Japan's WWII 'no surrender' soldier dies
Hid in jungle until 1972
September 23, 1997
Web posted at: 3:47 p.m. EDT (1547 GMT)
TOKYO (CNN) -- A Japanese soldier who became an instant national hero after it was discovered that he stayed in the jungles of Guam for 26 years after the end of World War II, has died of a heart attack at age 82, hospital officials said Tuesday.
Shoichi Yokoi died Monday at a hospital in the central city of Nagoya.
He became a national hero on his return to Japan in 1972 for his dramatic tale of survival and his adherence to the former Imperial Army's code of never surrender.
His first words upon arriving in Tokyo -- "It is with much
embarrassment that I return" -- were broadcast nationally and
instantly became a popular saying.
Yokoi's exploits in the jungle fascinated the nation. The
Japanese, in the throes of the post-war industrial boom, were
intrigued by his bare diet of nuts, berries, frogs, snails and rats, and how he wove materials from tree bark.
His return triggered a search for other Japanese soldiers
left from the war, and turned up another straggler in 1974, this time in the Philippines.
Unlike Yokoi, whose rifle had rusted and become useless,
former Lt. Hiroo Onoda had kept a working firearm and was accused of killing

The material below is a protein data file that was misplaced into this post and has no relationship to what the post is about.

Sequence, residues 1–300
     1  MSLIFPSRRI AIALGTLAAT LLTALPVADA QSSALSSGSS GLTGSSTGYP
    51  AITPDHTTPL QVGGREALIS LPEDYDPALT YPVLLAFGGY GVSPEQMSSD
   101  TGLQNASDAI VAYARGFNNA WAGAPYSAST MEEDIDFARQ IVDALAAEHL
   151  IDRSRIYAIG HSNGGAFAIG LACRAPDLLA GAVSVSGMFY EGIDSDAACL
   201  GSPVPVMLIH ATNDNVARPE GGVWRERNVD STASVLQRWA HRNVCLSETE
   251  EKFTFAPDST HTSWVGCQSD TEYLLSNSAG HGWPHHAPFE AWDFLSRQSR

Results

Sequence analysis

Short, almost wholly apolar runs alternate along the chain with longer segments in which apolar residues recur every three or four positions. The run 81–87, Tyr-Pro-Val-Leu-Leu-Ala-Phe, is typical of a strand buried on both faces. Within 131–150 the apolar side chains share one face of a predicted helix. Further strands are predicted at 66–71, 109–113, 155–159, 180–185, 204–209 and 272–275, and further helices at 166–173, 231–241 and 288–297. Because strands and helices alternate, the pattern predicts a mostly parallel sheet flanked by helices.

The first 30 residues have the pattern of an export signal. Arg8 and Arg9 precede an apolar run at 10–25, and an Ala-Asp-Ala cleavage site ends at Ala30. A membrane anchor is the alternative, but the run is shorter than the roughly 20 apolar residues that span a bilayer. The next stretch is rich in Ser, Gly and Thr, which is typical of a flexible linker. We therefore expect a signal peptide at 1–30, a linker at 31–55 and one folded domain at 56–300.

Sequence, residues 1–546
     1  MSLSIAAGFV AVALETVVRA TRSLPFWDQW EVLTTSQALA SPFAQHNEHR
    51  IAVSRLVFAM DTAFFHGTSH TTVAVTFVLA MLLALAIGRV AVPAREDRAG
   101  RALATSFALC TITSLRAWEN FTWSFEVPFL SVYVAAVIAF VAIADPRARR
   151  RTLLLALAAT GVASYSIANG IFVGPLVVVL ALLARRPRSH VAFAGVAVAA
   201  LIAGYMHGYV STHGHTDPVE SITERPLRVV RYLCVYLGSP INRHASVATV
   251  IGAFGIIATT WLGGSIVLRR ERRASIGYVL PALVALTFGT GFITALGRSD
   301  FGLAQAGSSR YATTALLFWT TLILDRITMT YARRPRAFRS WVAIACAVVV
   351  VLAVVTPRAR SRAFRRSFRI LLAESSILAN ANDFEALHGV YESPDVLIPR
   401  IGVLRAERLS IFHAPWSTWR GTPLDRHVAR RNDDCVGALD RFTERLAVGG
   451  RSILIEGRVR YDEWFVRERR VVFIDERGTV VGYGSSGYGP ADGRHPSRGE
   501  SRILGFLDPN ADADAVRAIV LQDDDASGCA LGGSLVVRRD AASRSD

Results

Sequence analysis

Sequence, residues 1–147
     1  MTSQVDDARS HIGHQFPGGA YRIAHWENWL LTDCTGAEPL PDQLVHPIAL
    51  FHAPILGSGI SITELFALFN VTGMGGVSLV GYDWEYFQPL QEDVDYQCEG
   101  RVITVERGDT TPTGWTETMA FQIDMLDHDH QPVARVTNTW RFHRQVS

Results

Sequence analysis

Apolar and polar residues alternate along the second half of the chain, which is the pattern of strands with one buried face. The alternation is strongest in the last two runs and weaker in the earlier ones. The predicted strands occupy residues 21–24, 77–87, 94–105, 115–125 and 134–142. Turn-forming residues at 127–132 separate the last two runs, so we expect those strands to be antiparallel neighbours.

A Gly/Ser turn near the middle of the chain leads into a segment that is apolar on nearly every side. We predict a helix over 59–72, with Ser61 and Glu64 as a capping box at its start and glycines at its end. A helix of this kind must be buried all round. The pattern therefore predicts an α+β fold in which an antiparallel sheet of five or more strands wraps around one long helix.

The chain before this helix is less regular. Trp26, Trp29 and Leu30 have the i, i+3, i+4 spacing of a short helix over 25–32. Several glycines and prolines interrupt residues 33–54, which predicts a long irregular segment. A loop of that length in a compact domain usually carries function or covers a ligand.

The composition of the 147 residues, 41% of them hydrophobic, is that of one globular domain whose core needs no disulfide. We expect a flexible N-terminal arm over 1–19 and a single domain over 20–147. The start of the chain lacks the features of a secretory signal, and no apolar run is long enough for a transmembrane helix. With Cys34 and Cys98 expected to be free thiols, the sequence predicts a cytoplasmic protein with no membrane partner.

several villagers before he was discovered in the Philippine
Yokoi, a former sergeant, was drafted into the army in 1941
and sent to northeastern China, and later to Guam. Japan
occupied Guam during the war and most of its 22,000 troops were killed when U.S. troops recaptured the island in 1944.
Two local hunters discovered him in January 1972 in a remote
Guam jungle. He was wearing a pair of burlap pants and a shirt which he said he had made from the bark of a tree.
He was repatriated to Japan a month later, where he started
life over in a country and a world he hardly knew.
Japan had then become a nation with a limited "self-defense" force instead of an army, and was just beginning to emerge as an industrialized power.
Upon his return, Yokoi, who had been reported as killed in action, was dumbfounded by the changes that had occurred since he left on a military transport more than a quarter century earlier.
At the first news conference since his homecoming, Yokoi,
surrounded by reporters and photographers after nearly three
decades in complete jungle isolation, appeared bewildered and
was unable to answer questions posed to him.
He contracted an arranged marriage in November 1972, and
traded his solitary cave in Guam for a home in Aichi Prefecture with his new wife Mihoko.
He became a regular commentator on television programs,
where he discussed survival skills. He wrote a best-selling book on his experience in Guam and in 1974 ran unsuccessfully for a seat in Japan's upper house of parliament.
Tokyo Bureau Chief John Lewis and Reuters contributed to this report.